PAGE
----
Groups, religions and evolution

Posted on December 1, 2008


As part of my course on superstitions, I’ve been looking at DS Wilson’s 2005 Human Nature article testing evolutionary hypotheses and find that the more I think about it, the more worried I am about its soundness. In particular, I am concerned about the methodology Wilson uses in that study. He’s looking at a sample of ‘religious systems’ which he defines “as a recognizable group of people with beliefs and practices that can be distinguished from other beliefs and practices”. This means that a system is actually a group. This, it seems to me, becomes potentially problematic when the thesis Wilson tries to check is whether religion is a group-level adaptation as opposed to being non-adaptive or adaptive on a different level. The reason is that for any group to persist over time it must include mechanisms to maintain its cohesion in the face of internal and external pressures. By looking at religions at the group level Wilson prejudices his study to focus upon these mechanisms. As such, it would be shocking if he had not found any evidence for how religions help to maintain religious communities. It would entail finding groups organised around a set of beliefs that, none-the-less, play no role in maintaining those groups. This problem does not mean that the group-adaptation theory of religion is incorrect – I think there’s much more evidence for it.

My second worry is more general and is one that I touch on in my forthcoming Skeptic article. Wilson tends to have a fairly positive view of religion as a way to create mutually-supportive communities. All too often what he writes seems to conflate what is adaptive with what is desirable. He also does not seem to pay sufficient attention to the difference between what is good, in whatever sense, for the group and what is good for the individual. Both points can be made with the potential example of communist or fascist societies which pay little attention to individual rights or desires. Clearly, it can not be that successful group pay no heed to individual needs. After all, groups can only survive if their individual members don’t die off. But there’s a world of difference between survival and the kind of flourishing that people living in societies such as the EU would hope for. The relevance of this point to religious communities comes down to the question of whether one can distinguish acting for the good of a religious community as opposed to acting for the good of other members of that community. I tend to get very uncertain of my ground at this point as I recognise that I am stepping into issues that I have very limited familiarity with. However, it seems to me that for the group-selection thesis to make sense, Wilson must be able to distinguish the above two kinds of behaviour. The alternative would be that group selection reduces to a mix of kin selection, reciprocal altruism, etc. If that is the case, though, it is not enough for Wilson to show that members of a religious community often assist other members of that community. Yet, that seems to be his main kind of evidence for religion being a group adaptation.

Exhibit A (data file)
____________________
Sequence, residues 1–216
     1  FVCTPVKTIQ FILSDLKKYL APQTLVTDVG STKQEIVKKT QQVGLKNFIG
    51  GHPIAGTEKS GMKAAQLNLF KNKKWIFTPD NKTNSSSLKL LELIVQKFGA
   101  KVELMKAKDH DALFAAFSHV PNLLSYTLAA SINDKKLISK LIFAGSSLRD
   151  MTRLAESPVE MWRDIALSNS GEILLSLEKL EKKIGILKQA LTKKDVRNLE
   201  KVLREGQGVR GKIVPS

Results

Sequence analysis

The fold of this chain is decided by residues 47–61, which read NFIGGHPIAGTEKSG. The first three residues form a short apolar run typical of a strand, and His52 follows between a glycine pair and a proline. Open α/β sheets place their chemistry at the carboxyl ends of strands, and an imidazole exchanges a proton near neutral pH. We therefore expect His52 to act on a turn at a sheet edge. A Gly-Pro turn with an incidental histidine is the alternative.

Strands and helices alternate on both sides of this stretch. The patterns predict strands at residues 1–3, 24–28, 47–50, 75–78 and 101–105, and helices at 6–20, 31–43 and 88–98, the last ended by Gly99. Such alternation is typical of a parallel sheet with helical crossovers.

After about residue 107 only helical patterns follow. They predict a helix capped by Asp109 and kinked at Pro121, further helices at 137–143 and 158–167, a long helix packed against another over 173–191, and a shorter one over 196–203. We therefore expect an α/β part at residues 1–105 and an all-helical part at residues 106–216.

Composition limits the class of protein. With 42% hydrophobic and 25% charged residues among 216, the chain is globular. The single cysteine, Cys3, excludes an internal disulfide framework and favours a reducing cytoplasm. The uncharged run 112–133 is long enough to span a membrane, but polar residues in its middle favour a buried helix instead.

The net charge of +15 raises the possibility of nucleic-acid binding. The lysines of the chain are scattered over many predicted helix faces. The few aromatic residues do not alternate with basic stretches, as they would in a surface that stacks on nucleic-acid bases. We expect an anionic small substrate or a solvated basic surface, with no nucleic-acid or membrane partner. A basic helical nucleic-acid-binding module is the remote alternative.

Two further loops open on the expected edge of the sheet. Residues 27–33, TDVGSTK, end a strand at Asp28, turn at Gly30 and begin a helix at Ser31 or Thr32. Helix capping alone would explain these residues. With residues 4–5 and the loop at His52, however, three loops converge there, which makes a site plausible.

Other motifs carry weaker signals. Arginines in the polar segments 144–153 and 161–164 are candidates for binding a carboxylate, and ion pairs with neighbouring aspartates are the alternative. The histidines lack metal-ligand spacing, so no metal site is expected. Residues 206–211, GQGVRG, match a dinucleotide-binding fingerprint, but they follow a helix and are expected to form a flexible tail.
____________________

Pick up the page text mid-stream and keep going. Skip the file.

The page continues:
The second line of argument runs over much of the ground covered by the on-going debate between the Dawkins and Wilson sides on group selection but focusses it on the question of religious groups, i.e. what I am particularly interested in.